1947: Mausiji got a letter from Jethi Devani, a Sevika from Karachi in the last week of July. Sevikas from Sindh (now in Pakistan) wanted to see Mausiji before leaving their beloved matrabhoomi. It was extremely risky to go there during those rough times of Partition. Despite being well aware of all atrocities Hindu women were experiencing in Pakistan, Mausiji decided to go to Karachi with Venu Tai as she considered it her moral responsibility. When they reached Karachi on August 13, 1947, there were no female travelers in the airplane other than them and there were only two Hindu men Shri Jay Prakash Narayan and Shri Dev from Pune. They both got down at Ahmedabad. All fellow Muslim travelers were shouting slogans, Hans ke liya hai Pakistan, Lad ke lenge Hindustan. Mausiji didn’t lose her courage in such adverse circumstances. Next day she addressed a huge gathering of Hindu women and consoled them that all kinds of support would be provided to them if they decide to come to Bharat.
1956-1961: Sevikas participated whole heartedly in Goa Mukti Andolan. Taiji and other Sevikas used to look after the food arrangements for satyagrahis of Pune. Sevikas used to take care of cremation of martyrs without getting affected or caring for cadaverous odour.
1975: During Emergency, Samiti got actively involved in Satyagraha organised by Samanvay Samiti. Sevikas kept regular contact with the families of satyagrahis jailed under MISA and helped them in all possible ways. They distributed pamphlets; provided shelter to underground satyagrahis and even carried secrete messages.
1990: Save Jammu-Kashmir Campaign by Rashtra Sevika Samiti. As part of the campaign, protest marches were organised at various places all over India. People were made aware of the situation in J&K.
The Samiti also participated in Gauvadhbandhi Movement in 1952-53 and Swadeshi Campaign in 1995. During natural calamities like 1993 in Latur and 2001 in Kutch earthquake, 1998 cyclone, 2004 tsunami and resent 2013 Uttarakhand floods, Rashtra Sevika Samiti helped affected fellow countrymen by providing relief supplies and taking care of
rehabilitation programmes. Samiti adopted a completely devasted village knows as Mayapur in Gujarat, reconstructed and rehabilitated it.
The march continues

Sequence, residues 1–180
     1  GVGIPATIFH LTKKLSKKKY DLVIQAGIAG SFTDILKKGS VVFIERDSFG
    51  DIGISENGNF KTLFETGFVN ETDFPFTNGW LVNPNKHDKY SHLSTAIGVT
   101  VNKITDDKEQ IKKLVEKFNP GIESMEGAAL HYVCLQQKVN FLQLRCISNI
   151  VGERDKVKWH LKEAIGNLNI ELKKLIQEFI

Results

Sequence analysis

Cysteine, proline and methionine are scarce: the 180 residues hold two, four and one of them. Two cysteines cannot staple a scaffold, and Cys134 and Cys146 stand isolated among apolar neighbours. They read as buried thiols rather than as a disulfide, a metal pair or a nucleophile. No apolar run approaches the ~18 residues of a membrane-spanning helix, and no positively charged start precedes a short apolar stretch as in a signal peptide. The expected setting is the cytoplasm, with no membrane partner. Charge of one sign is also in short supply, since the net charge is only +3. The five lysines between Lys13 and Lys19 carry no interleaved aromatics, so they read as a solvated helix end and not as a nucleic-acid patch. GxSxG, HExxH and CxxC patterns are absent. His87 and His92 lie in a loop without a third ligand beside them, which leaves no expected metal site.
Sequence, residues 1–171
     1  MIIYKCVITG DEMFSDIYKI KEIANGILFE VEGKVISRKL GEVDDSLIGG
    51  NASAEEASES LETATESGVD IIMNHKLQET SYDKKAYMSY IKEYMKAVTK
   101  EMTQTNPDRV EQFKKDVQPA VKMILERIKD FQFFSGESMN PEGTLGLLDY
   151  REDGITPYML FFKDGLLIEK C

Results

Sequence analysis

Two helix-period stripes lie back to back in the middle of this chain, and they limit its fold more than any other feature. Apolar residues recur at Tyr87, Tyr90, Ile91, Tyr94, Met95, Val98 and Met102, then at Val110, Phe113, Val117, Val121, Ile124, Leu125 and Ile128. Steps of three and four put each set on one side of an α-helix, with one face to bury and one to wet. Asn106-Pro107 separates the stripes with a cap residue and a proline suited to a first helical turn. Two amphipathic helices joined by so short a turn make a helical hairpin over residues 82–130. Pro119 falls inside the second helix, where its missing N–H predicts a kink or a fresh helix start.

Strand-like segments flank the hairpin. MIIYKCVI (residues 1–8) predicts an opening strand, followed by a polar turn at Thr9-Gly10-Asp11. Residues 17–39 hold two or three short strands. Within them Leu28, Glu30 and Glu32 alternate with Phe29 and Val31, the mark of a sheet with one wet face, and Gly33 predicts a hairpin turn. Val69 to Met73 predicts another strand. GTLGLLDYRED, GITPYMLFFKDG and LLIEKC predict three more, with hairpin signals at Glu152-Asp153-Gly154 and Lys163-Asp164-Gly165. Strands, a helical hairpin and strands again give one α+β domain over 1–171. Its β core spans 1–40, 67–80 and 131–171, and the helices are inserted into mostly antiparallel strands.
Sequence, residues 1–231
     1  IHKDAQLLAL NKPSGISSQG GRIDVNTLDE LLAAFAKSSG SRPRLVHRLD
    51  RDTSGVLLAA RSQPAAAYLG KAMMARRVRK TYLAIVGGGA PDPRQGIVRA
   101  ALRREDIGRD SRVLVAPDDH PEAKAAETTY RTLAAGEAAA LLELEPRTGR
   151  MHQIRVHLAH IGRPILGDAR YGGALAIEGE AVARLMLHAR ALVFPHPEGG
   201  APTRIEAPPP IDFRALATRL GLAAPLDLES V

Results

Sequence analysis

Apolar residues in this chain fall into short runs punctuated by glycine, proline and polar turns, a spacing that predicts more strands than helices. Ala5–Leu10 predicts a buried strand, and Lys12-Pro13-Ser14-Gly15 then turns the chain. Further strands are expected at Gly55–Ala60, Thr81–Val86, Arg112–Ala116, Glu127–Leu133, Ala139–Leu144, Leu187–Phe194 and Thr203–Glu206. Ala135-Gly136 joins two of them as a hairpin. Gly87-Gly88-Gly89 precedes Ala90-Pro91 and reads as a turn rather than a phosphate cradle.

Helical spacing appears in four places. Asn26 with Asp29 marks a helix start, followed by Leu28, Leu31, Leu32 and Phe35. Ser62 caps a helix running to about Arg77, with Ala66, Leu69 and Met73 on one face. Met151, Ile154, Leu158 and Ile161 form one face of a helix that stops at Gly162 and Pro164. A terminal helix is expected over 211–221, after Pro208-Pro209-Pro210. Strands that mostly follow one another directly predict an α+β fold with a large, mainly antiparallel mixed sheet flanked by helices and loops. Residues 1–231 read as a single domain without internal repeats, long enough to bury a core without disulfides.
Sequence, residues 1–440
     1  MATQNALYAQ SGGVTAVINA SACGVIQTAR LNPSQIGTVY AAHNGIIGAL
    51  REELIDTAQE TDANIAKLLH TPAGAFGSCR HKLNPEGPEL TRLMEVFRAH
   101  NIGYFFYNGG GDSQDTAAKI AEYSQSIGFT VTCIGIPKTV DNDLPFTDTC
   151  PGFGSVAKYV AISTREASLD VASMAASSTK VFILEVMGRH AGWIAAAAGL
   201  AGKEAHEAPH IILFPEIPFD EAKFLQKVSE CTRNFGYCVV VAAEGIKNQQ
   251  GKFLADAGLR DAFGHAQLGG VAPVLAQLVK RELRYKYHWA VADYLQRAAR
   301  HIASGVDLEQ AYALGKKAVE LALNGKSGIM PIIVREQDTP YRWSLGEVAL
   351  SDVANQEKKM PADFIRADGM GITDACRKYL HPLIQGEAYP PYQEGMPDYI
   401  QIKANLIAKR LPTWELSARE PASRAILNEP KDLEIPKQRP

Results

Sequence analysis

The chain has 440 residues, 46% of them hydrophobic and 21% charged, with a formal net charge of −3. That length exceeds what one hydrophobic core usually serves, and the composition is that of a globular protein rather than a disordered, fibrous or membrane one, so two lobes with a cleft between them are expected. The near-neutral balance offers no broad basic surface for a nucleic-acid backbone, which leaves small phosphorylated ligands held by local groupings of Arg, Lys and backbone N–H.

The seed planted in 1936 has now grown into a big banyan tree. More than 55,000 karyakartis, from over 2,784 shakhas across Bharat, are making a difference in society by their very demeanour. The Sevikas also run more than 475 sewa projects in the field of health, education and self-reliance. Every year during Deepavali and summer vacations, special training camps are organised for 5-15 days duration in each Prant. This year 9,000 young women and 3,000 working women participated in such camps. The Samiti also works on different initiatives from time to time. This year on the occasion of its 80th anniversary, more than 88,000 young women between the age group 16-45, participated in the Taruni Samelans organised countrywide at more than 290 centres.
Innumerable Sevikas have made commendable achievements individually as well as collectively and have received national and international recognition and accolades. They acknowledged that the samskaras imbibed by the Samiti played a key role in their success. Sevikas of a Shakha from Mahakoshal Prant carried out a successful campaign for alcohol prohibition. Sevikas from Paschim Kshetra took Rashtra Sevika Samiti to Limca Book of World Records for performing Surya Namaskars continuously for 100 hours. Pushpa, a Sevika from Mizoram started one of its kind women’s hostel in her village after completing education from Nagpur. She says, she got continuous motivation, all kind of support and samskars of selfless service from Samiti during her stay in the hostel managed by Samiti.
Ideals of Rashtra Sevika Samiti and the divine goal of national reconstruction is always in the mind of Sevikas whether they work at an individual level or as a part of the organisation. There are many components of the society like educator, student, business person, industrialist, worker, villager, doctor, lawyer and so on. In all these fields the Sevikas are active with their distinct characteristics and fervour and humming: Sevikao badhe chalo lakshy tak chadhe chalo, Vijay mashal hath le tamas ko mita chalo.
(The writer is Konkan Prant Prachar Pramukh of Rashtra Sevika Samiti)